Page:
Friday, August 08, 2014
Take a look at yourself, world media
The cease-fire between Israel and Hamas has allowed the international media to go back to addressing, among other things, the fighting in Ukraine (remember that?) and the Ebola virus, which is much more worrying than the virus known as "Hamas." The city of Donetsk in the eastern Ukraine has taken the place of Gaza in the headlines of European newspapers.
For some reason, the evacuation on Wednesday and Thursday of tens of thousands of Christians from their homes as the radical Sunni Islamic State takes over extensive areas in northern Iraq and Christian cities still hasn't been properly covered by the European media (unlike the American media), which was very -- I mean, very -- worried about Gaza. Which by yesterday had nearly been forgotten.
Is it because there are no European journalists in northern Iraq? Or maybe because the U.N. Relief and Works Agency, which cares only for Palestinians, isn't active there? Either way, the Islamic State, which is much more radical than al-Qaida (is that even possible?), continues about its business without too many headlines after taking over Kirkuk, Iraq's most Christian city (it was home to 50,000 Iraqi Christians).
It seems like the international media has thus far perceived members of the Islamic State as space aliens. Hamas, on the other hand, are seen as freedom fighters working to remove the blockade for the good of the people of Gaza. Unlike the Islamic State people, Hamas operatives are seen as righteous. Try and explain that they're one and the same.
U.S. President Barack Obama announced on Thursday that the U.S. was looking into the possibility of bombing Iraq. Nothing more was needed for the American media to devote its top headlines to what is happening in Iraq.
At any rate, the administration is sort of responsible for what is taking place in Iraq today: the invasion (Bush) and the withdrawal (Obama). We mentioned the American airstrikes? This is doubtless much less dangerous than a ground operation, and between us, will anyone demand investigative committees or a special session of the U.N. General Assembly if and when, heaven forbid, innocent Iraqi civilians are killed in those same airstrikes?
"Leave, convert, or die" was the top headline on the Fox News website. The readers, obviously, were shocked to discover just how hostile the radical Sunni Islamic State is to other religions. For some reason, no one this past month has thought to look into how Hamas sees non-Muslims. "Leave, convert, or die"… think for a moment how much Hamas would like to see a headline like that here. The world was busier removing the blockade than it was perusing the group's charter. Might there be a connection?
Obviously, France also bears some responsibility for what's happening in the Middle East. Do you remember the Sykes-Picot Agreement? Today it's collapsing and France is seeing itself offering asylum to the Christians of the Orient. On Thursday, the government called a special session of the U.N. General Assembly to discuss the situation in Iraq. The Islamic state is "in" -- Hamas is "out."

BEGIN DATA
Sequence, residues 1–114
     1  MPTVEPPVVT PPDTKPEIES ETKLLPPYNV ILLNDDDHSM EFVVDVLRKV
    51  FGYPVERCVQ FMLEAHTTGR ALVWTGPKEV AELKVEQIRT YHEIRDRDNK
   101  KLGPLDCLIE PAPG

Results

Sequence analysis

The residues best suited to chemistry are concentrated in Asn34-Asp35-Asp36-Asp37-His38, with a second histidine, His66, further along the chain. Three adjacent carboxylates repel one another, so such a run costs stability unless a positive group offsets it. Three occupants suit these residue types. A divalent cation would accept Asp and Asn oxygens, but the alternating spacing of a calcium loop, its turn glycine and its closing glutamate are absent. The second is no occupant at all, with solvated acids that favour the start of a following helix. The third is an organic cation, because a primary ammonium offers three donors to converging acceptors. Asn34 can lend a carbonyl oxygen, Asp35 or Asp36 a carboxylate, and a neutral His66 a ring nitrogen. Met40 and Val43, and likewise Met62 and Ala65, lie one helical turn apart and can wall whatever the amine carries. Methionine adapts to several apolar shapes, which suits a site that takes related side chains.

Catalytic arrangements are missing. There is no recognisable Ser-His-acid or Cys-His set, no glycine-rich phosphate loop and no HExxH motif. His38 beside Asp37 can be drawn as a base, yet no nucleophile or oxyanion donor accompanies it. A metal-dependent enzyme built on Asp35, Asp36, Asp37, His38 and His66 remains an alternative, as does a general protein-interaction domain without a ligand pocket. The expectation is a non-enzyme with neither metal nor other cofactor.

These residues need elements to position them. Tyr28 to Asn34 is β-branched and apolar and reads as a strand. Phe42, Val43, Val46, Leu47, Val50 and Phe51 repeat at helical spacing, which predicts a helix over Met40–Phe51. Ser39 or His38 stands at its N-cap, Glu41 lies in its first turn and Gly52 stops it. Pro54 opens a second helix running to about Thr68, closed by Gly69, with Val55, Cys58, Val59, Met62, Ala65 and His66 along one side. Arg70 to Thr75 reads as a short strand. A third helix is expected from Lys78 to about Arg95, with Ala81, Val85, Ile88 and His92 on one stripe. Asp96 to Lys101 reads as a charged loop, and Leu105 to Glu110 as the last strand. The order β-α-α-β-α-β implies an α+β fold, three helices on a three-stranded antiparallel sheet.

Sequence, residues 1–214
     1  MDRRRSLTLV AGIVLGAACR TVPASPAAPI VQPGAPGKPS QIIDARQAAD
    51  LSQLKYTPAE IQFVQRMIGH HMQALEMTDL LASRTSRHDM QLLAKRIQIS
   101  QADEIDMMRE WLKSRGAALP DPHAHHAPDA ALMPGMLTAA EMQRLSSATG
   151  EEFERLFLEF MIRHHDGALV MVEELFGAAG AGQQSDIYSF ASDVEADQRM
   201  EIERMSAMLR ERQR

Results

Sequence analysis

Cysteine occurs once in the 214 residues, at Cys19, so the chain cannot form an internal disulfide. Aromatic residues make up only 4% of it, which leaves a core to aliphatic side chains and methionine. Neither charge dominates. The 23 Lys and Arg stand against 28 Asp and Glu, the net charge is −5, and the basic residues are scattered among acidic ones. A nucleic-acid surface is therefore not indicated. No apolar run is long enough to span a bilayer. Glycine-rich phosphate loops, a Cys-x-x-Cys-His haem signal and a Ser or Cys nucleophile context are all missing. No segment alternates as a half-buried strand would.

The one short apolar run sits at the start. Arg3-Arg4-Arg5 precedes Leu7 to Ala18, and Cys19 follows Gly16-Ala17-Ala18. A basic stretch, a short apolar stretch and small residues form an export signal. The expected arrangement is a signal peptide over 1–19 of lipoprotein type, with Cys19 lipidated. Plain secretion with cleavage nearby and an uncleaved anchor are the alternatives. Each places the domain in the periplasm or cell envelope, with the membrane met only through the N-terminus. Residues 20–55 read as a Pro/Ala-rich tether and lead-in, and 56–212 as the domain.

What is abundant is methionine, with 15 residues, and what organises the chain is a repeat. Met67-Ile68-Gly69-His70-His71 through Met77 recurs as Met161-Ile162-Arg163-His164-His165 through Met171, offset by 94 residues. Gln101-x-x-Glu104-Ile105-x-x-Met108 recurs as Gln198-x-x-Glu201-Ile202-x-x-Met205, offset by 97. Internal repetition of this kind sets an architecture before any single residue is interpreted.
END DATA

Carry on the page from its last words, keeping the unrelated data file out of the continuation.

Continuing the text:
How quickly the story dies
In general, it's pretty amazing to see how quickly a story can die. You should see how far down on the CNN website Gaza has dropped. "Hamas: We are ready to renew the fighting," one of the more modest headlines read. No one is moved by Hamas' threats to resume shooting on Friday morning if the blockade is not removed from Gaza. The cease-fire talks in Cairo aren't even mentioned, lest the readers/watchers/listeners doze off.
U.N. Secretary-General Ban Ki-moon managed on Wednesday to anger officials in Jerusalem when, even before the Human Rights Council investigative committee began its work looking into the Gaza war and civilian casualties, he laid the blame on Israel for attacks on U.N. facilities in Gaza and said they should stand trial. There is no question that the U.N. under Ban is having trouble handling the troubles of the world, and it's good that there is Gaza -- and Israel -- for the U.N. to flex its muscles over in New York.
But recent weeks have merely shown how helpless the U.N. and the international community are in solving crises: Ukraine, Syria, Iraq, and Gaza have not helped the organization's image. The various conflicts around the world just prove how weak it is.
The U.N. undoubtedly has a problem. The first clause of the U.N. Charter calls upon members to solve conflicts through peaceful means and refrain from threats and use of force to gain territory or power. Take note about just how relevant it is today.
And one favor from Israelis traveling abroad this weekend: If you happen to run into "international opinion," ask it what exactly the "international community" is these days and where it's headed. Because between us, it looks like the international community is in real trouble, and before it examines us, it should take a look at itself.